March 4, 2015

encfs + GnuPG

Yesterday I discussed with somebody that it would be cool to use encfs on a folder shared with several people. The word “folder” can be understood as a Samba share, a Subversion repository, or a Dropbox. Obviously, the show stopper here is the exchange of the symmetric key needed by encfs. So let’s use our GnuPG keys!

The idea of the script is as follows:

  • generate a symmetric key $encfsKey for encfs using /dev/urandom
  • wrap $encfsKey using GnuPG; the $receivers variable holds the IDs of all people that should be allowed to decrypt $encfsKey (the folder) plus your own ID (you also want to decrypt!)
  • initialize the encfs safe (Hint: interaction with encfs required!)
  • shred $encfsKey

On future runs it is sufficient to

  • decrypt encfs.key.enc using GnuPG
  • open the encfs safe
  • shred $encfsKey

Here we go:


myID=ho1ger  ##something that sufficiently identifies keys in your keyring or 0x1234...
receivers=(alice bob charles)  #add people allowed to open the encfs safe
receivers+=($myID)  #we are always allowed to open

safe=/path/to/share/safe  #points into the share; we want to sync!
#safe=`pwd`/safe  #for SVN usage; ./safe would be insufficient for encfs!
open=/path/not/to/share/OPEN  #no sync please!
encfsKey=/path/not/to/share/key  #no sync please!

if [ ! -f "encfs.key.enc" ]; then
        cat /dev/urandom | head -c 2048 | base64 > $encfsKey
        echo encFS safe can be opened by following identities: >> policy.txt
        for i in ${receivers[*]}; do
                recvs=$recvs" -r "$i
                echo $i >> policy.txt
        gpg -o encfs.key.enc -ea -u $myID $recvs $encfsKey
        gpg -o $encfsKey -d encfs.key.enc

encfs $safe $open --extpass="cat $encfsKey"
srm $encfsKey  #on Linux use 'shred'

Please note: Above script writes encfs.key into a file. This is ugly. But necessary: it turned out that at least my machine is unable to call pinentry when I tried something like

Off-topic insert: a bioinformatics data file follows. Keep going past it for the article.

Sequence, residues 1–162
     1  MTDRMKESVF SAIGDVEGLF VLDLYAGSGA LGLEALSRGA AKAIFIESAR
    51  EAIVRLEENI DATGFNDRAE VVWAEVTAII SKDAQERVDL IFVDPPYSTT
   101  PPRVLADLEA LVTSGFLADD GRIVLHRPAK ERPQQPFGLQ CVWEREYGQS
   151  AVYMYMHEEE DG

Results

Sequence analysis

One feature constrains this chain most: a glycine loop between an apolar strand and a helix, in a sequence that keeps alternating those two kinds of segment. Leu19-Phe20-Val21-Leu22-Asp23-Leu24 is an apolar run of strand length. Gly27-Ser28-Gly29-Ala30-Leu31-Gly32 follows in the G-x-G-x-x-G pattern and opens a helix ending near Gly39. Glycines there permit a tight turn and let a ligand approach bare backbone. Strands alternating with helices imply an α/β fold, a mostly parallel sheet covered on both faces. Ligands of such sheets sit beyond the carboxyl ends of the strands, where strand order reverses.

encfs `pwd`/safe `pwd`/open --extpass="gpg -o - -d encfs.key.enc"

However, make really sure that $encfsKey does not point into your Dropbox or so! By this reason: Rule #1: keep everything plain text outside the share. This applies to the decrypted encfs.key and everything inside the $open folder!!

Using the Script with Subversion, Git, etc.

One person copies the script to a SVN repository, modifies $receivers according to the desired user IDs, and does the first run. Now she has to add and commit encfs.key.enc, policy.txt and the safe directory with all files. (Hint: we could also script this step, of cause)

Other users may update their repository locally. If a person is allowed to decrypt encfs.key.enc (their ID should appear in policy.txt) she can decrypt the safe and access the protected files in the open directory. If she adds stuff to open, a new encrypted file will be added to safe. This file must be added to the repository and checked in as well. Be sure to obey to Rule #1.

Using the Script with OwnCloud, Dropbox, etc.

Create a new directory, put the script into this directory and edit the script. Be sure to adapt the paths $safe and $open on top with some care. Obey Rule #1. Do the first run.

The script, the encrypted key and your files in the encrypted directory referenced by $safe are automatically synced to OwnCloud or Dropbox.

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